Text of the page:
Ever since the advent of the HMO in the late 1970s, the standard in employee benefits has been a health insurance plan and some sort of retirement option. For more than forty years, such has been the expectation among employers and employees alike. But change is afoot. That change revolves around voluntary benefits.
Voluntary benefits are those above and beyond health insurance and a retirement plan. They include things like dental, vision, and life insurance. They are the new wild card in the staffing game. Companies are figuring out that voluntary benefits bring a lot more to the table in terms of employee engagement. They can make for more effective recruiting and retention if used the right way.
Employee Needs Are Different
It was easy to fall back on health insurance and retirement plans back in the day when only the best jobs offer employee benefits. White collar workers employed by well established companies did not have a whole lot of additional needs their employers could meet. So health insurance and a retirement plan seemed like obvious choices.
Things are different today. Employee needs are different. As a case in point, consider employees in the long-term care (nursing homes, assistant living facilities) sector. Statistics suggest that 70% of America’s long term health workers decline the health insurance benefit offered through their employers. This is an incredible number.
That same data shows that employees in this particular field have other concerns they feel are more pressing:
- Childcare costs
- Affordable housing
- Transportation costs
- Food costs
- Financial security.
Imagine an employee foregoing health insurance because their portion of the premiums could be better spent on housing or childcare. Do you think that employee would jump to a new position if offered a childcare or housing benefit in lieu of health insurance? It doesn’t sound so farfetched.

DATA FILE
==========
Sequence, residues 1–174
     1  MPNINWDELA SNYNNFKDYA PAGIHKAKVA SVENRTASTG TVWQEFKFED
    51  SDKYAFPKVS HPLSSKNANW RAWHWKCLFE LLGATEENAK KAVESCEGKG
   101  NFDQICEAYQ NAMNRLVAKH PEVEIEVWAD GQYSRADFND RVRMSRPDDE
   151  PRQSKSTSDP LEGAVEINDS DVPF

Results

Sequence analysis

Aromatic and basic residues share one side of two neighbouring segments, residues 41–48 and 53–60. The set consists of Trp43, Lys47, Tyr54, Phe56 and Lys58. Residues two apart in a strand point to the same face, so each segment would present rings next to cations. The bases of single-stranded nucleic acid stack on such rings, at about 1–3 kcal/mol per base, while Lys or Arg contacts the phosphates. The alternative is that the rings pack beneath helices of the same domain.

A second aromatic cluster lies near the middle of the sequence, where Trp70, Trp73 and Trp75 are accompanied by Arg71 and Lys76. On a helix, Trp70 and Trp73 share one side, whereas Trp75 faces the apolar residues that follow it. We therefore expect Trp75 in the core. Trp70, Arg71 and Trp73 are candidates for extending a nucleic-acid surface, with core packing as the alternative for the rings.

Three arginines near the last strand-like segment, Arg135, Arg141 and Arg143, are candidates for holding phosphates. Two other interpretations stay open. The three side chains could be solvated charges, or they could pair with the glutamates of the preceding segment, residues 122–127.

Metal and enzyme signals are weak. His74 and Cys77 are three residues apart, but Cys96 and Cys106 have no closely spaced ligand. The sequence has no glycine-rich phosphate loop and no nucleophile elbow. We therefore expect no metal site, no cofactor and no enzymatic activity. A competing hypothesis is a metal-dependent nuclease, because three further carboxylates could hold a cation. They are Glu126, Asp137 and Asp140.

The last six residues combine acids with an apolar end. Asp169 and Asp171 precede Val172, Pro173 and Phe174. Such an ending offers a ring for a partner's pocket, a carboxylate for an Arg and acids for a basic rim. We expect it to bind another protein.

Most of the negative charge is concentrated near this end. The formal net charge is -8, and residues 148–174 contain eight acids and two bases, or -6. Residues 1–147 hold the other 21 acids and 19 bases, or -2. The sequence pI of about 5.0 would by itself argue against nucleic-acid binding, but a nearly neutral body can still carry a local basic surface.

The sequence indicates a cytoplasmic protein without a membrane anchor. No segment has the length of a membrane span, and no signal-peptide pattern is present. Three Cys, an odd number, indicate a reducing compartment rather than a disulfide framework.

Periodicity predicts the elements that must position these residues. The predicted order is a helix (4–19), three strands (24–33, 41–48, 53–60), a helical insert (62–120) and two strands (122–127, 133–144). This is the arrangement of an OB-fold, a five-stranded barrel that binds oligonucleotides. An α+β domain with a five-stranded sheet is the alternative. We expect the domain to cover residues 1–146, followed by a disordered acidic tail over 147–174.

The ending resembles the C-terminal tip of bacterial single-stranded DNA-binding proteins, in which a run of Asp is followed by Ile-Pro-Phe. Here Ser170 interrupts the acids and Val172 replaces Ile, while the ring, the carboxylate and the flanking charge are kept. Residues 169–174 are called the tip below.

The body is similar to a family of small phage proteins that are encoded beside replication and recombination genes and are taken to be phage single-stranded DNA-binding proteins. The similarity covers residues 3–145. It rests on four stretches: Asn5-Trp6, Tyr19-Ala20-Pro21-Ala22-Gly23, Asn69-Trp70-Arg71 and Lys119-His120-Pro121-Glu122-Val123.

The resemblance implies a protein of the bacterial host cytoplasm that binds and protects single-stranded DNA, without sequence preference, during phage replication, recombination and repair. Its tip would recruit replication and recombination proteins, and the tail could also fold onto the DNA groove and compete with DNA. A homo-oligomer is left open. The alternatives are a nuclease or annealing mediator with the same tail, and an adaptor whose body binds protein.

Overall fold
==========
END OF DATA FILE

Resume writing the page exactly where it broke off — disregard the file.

Likewise, imagine a young person fresh out of college. Being young, they are not worried about facing a catastrophic illness that could lead to financial ruin in the event that they do not have health insurance. But they are worried about never being able to pay off their student loans. They would probably jump at the chance to work for an employer who offered a student loan reduction benefit.
Plenty of Choices
One of the best things about voluntary benefits is that there are so many choices. Student debt repayment assistance is one option. So is a benefit that helps parents cover childcare costs. Believe it or not, pet insurance is gaining ground as a voluntary benefit. Enough companies are interest in it that Dallas-based BenefitMall recently ran about employers offering pet benefits.
The post was meant to encourage benefits brokers to offer their clients a pet insurance option. A typical pet insurance policy covers health issues and burial costs. It also provides discounted vet services along with cheaper food, toys, and other pet supplies.
Voluntary benefits do not even need to be tangible. Something as simple as allowing employees more flexibility in their schedules is enough to draw attention. A basket of voluntary benefits from which employees can pick and choose offers the opportunity to customize according to their own needs. Employees love that.
It is How You Compete
How well a company competes for talent usually determines its level of success. These days, the fiercest competitors are working hard to secure a voluntary benefits package they believe will get attention. Offering a solid list of voluntary benefits gives prospective employees something to look at beyond traditional health insurance and retirement plans. And because of that, they are the new wildcard in the staffing game.